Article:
Deuteronomy 19-21New Revised Standard Version Catholic Edition (NRSVCE)
Laws concerning the Cities of Refuge
19 When the Lord your God has cut off the nations whose land the Lord your God is giving you, and you have dispossessed them and settled in their towns and in their houses, 2 you shall set apart three cities in the land that the Lord your God is giving you to possess. 3 You shall calculate the distances[a] and divide into three regions the land that the Lord your God gives you as a possession, so that any homicide can flee to one of them.
4 Now this is the case of a homicide who might flee there and live, that is, someone who has killed another person unintentionally when the two had not been at enmity before: 5 Suppose someone goes into the forest with another to cut wood, and when one of them swings the ax to cut down a tree, the head slips from the handle and strikes the other person who then dies; the killer may flee to one of these cities and live. 6 But if the distance is too great, the avenger of blood in hot anger might pursue and overtake and put the killer to death, although a death sentence was not deserved, since the two had not been at enmity before. 7 Therefore I command you: You shall set apart three cities.
8 If the Lord your God enlarges your territory, as he swore to your ancestors—and he will give you all the land that he promised your ancestors to give you, 9 provided you diligently observe this entire commandment that I command you today, by loving the Lord your God and walking always in his ways—then you shall add three more cities to these three, 10 so that the blood of an innocent person may not be shed in the land that the Lord your God is giving you as an inheritance, thereby bringing bloodguilt upon you.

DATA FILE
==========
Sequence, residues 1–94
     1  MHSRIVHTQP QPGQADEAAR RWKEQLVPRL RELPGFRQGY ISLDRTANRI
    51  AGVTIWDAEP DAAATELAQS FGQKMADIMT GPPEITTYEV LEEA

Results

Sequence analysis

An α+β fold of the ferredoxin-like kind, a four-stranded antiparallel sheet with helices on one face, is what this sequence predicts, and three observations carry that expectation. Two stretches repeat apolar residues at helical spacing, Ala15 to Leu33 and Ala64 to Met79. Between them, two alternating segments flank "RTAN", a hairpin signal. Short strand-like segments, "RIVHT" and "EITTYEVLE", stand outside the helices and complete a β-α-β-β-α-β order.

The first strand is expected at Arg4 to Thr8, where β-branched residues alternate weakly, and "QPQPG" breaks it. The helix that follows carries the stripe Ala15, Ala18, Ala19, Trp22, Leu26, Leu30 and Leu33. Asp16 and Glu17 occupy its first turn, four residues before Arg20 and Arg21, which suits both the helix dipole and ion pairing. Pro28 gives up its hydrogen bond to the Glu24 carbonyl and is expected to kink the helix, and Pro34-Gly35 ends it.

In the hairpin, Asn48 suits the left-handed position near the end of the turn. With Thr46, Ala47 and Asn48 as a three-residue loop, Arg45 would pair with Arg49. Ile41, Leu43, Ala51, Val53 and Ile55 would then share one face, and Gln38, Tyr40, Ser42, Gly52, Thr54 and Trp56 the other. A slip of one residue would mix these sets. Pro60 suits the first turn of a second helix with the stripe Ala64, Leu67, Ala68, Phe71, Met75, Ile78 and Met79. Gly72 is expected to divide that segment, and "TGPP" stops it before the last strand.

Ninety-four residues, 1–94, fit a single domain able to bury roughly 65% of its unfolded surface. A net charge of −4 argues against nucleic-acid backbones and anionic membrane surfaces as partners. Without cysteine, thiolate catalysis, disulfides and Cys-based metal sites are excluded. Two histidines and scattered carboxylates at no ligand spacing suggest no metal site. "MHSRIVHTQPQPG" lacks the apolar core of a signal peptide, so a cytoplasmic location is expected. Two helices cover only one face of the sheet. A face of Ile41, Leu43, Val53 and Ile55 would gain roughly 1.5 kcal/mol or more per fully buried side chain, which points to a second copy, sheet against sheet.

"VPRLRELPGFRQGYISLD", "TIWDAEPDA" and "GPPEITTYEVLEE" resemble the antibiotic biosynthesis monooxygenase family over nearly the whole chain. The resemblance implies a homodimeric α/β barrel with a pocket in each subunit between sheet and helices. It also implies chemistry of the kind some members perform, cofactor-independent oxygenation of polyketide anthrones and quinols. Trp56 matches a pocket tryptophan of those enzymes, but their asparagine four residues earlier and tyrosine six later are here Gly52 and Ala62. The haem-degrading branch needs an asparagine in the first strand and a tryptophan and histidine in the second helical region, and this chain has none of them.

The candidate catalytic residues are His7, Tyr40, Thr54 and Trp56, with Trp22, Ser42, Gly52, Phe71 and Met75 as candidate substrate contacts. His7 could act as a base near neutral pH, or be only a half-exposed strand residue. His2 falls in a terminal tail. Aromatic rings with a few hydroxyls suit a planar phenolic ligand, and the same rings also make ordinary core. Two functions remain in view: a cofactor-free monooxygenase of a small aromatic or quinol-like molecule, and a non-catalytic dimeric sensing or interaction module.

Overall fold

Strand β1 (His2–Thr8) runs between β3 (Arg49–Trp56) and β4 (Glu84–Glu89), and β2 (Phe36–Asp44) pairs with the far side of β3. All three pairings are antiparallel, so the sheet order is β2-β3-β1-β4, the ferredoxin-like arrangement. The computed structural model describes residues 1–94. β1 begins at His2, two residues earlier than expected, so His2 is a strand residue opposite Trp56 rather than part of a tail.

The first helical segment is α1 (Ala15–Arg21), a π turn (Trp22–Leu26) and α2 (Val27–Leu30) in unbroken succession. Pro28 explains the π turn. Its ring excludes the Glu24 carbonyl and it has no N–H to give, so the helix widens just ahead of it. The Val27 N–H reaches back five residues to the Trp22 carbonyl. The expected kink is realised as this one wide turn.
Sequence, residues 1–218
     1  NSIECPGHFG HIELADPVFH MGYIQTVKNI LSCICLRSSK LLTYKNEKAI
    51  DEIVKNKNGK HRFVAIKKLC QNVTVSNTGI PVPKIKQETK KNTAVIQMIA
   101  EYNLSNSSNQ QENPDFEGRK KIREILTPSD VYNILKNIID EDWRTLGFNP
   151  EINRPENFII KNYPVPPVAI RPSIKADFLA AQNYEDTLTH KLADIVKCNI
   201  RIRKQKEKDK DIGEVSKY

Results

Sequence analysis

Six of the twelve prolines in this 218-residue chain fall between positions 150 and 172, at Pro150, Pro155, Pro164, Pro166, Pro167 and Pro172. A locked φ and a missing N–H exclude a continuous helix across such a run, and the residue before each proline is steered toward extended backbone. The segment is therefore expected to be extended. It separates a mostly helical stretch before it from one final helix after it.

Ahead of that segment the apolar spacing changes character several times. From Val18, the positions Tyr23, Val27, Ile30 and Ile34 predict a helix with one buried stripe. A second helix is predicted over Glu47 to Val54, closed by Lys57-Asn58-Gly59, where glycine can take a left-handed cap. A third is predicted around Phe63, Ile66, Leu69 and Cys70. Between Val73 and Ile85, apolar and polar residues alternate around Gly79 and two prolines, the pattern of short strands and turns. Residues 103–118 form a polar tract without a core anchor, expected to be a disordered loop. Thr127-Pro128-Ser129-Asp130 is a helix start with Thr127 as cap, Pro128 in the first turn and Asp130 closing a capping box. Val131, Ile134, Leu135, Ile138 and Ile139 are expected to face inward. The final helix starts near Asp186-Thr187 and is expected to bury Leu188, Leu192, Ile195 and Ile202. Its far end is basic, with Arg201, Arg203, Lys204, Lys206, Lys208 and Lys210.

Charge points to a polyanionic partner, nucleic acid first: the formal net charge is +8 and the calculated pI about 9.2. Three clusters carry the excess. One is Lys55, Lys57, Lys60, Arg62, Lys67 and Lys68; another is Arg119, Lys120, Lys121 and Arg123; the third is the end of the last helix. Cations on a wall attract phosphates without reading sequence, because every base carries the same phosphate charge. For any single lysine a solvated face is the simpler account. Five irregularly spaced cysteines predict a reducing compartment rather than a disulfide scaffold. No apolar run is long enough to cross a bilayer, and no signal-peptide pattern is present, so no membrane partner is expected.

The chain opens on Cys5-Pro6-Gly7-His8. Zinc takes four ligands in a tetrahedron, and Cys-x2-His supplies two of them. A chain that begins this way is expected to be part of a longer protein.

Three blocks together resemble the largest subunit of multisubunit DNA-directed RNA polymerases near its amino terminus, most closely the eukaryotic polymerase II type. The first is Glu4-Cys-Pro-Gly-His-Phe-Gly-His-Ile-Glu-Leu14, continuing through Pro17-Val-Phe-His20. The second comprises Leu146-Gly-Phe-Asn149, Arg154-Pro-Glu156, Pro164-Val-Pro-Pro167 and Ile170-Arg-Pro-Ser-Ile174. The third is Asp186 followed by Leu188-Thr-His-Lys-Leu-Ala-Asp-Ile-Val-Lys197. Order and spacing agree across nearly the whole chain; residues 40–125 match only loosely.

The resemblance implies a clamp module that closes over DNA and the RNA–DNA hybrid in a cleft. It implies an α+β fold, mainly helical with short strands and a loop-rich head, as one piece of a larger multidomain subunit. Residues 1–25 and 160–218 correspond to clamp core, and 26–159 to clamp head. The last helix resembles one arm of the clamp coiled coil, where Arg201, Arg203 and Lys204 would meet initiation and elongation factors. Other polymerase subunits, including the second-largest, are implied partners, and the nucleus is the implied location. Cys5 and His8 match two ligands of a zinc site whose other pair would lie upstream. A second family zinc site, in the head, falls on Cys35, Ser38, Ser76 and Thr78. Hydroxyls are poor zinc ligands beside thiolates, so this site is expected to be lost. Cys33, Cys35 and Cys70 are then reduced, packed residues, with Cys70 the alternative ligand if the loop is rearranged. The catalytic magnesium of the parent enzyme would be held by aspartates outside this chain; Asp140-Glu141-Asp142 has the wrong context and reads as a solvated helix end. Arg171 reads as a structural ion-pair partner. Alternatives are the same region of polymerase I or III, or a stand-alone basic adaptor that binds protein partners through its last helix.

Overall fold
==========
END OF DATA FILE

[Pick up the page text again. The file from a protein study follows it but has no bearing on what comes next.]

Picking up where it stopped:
11 But if someone at enmity with another lies in wait and attacks and takes the life of that person, and flees into one of these cities, 12 then the elders of the killer’s city shall send to have the culprit taken from there and handed over to the avenger of blood to be put to death. 13 Show no pity; you shall purge the guilt of innocent blood from Israel, so that it may go well with you.
14 You must not move your neighbor’s boundary marker, set up by former generations, on the property that will be allotted to you in the land that the Lord your God is giving you to possess.